Daily Archives: March 17, 2014
Do you remember the last time you wrote a letter….? I mean with a pen and paper, folded into an envelope and finished with a stamp in the top corner?
If you have read (or watched) Downton Abbey, or in fact any Jane Austin or similar period drama, you will know that a letter was always something of a special event. Receiving a letter demanded that you spend time reflecting on its contents and the sender’s frame of mind, before carefully considering your response. You would weigh up the situation and quite possibly ask advice before committing pen to paper in reply, often several days later. The fact that letters took time to compose and time to deliver, encouraged you to take the time to consider. You didn’t expect to receive or send many letters and the value of each letter was incredibly high. Now although this all seems a long time ago, it’s probably not that long since you were writing “real letters” (…. and maybe you still do ) and each letter you wrote had value.
Contrast that today with the ballooning email inboxes most people have. The situation is exactly the reverse. A “wall of email” appears when you start up your laptop, each one having relatively little value, sometimes no value. In fact, to use some old mathematics speak, as the number of our emails tends to infinity, the value of each email tends to zero. In my job I get several walls of email every day, and during busy periods, eg before a major event, this can rise relentlessly. Of course much of this is junk. Like me you may actively “block senders” and “unsubscribe” from everything going, but we still have swathes of emails that need some kind of action. The normal behaviour is to try and bat them away with a single-line response, or better forward them to someone else to do something with… someone else’s problem. The aim is just to get them away, to delete them as soon as we can, any way any how…. Hence the value of each email approaches zero.
Many companies and organisations have identified email as a killer to peoples’ productivity, relationships and social well-being. Many have tried to find solutions either by using techniques or tools or just banning email use for one day a week. But, aside from productivity, email has a number of other associated problems and, like any disruptive technology is responsible for new social trends.
- Email encourages insensitive comments that people would simply not make face to face. Probably most of us have received (and sent?) emails that contain statements you simply would not say if that person was standing next to you. Email can de-humanise communications making us believe we are interacting with a machine,rather than a person. These days when I receive an email that makes my blood boil, I am learning not to reply instantly and emotively.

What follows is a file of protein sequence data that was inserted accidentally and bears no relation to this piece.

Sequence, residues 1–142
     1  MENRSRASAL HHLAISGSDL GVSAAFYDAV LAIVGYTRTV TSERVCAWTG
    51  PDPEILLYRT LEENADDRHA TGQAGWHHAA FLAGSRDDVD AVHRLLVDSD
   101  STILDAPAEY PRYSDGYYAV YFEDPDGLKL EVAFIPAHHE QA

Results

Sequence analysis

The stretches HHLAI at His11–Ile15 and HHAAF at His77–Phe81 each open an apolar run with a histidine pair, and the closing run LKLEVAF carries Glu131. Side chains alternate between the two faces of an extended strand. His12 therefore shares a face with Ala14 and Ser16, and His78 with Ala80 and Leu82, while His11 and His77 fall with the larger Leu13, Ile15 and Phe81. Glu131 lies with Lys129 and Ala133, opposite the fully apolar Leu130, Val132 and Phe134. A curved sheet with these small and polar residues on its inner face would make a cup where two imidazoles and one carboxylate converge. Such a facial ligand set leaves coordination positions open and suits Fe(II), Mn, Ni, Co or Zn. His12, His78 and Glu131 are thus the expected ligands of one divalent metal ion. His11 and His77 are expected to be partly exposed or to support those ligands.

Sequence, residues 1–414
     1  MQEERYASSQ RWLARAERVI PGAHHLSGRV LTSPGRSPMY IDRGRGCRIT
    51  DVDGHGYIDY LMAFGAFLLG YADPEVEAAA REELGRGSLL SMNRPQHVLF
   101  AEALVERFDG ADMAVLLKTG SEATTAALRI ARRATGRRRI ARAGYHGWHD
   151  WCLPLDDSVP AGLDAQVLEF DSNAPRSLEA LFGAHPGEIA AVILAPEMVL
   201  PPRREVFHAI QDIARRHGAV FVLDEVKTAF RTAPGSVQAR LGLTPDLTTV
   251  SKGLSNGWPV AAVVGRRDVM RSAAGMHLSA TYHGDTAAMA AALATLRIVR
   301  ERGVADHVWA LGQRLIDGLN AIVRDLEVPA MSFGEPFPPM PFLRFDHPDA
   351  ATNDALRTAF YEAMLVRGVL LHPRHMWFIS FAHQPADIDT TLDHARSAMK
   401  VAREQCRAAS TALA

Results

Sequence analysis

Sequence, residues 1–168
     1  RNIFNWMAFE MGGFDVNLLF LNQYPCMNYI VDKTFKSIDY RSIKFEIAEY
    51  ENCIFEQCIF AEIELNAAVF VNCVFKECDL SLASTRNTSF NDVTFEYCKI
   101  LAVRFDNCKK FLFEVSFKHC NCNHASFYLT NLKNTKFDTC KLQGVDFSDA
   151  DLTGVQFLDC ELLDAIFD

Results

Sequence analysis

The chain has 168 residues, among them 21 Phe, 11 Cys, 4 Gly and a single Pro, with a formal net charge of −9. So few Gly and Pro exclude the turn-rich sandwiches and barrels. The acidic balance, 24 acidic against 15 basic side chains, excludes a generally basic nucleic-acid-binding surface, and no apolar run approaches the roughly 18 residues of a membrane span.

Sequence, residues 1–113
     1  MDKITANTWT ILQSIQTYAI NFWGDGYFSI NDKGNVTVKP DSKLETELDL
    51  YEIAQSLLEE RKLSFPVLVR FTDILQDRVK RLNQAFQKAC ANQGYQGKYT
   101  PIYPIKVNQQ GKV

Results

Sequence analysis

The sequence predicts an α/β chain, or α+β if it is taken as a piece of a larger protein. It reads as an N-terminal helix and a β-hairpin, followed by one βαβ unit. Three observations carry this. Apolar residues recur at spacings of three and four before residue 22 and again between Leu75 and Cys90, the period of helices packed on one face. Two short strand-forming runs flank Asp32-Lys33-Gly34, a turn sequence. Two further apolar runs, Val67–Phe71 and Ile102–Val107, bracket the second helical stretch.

Proverbs 10:19: When words are many, transgression is not lacking, but whoever restrains his lips is prudent.
- Email encourages people in the view that there is no need to pick up the phone, much less talk to people face to face. ….. When was the last time you replied to an email by picking up the phone?
Proverbs 12:18: Reckless words pierce like a sword, but the tongue of the wise brings healing.
- Email encourages us to be online 24×7. Email always triggers further email, and often the reply is INSTANT – it’s so easy to reply, and hard not to. Sometimes on a business trip in a different time zone, being connected 24×7 can be genuinely useful but mostly it is not useful, it is just exhausting. The problem is, once you send that quick response late at night, the recipient sees you are online, introduces some new question, and suddenly, you’re immersed.
Proverbs 17 38: Even a fool is thought wise if he remains silent, discerning if he holds his tongue!
I am first to admit that I have fallen prey to every one of these, but I am trying to learn. I can’t remember the last time I wrote to a letter. These days I don’t even insert those notes into Christmas cards (…..I suppose because Alison writes all my Christmas cards), but I know I used to write long letters, to friends and family.
The funny thing is …. we seem to have come full circle. Just as on the Edwardian set of Downton Abbey, these days if you receive a hand-written letter, in an envelope, with a stamp …. that is, once again, a special event!
James 1:26: If anyone considers himself religious and yet does not keep a tight rein on his tongue, he deceives himself and his religion is worthless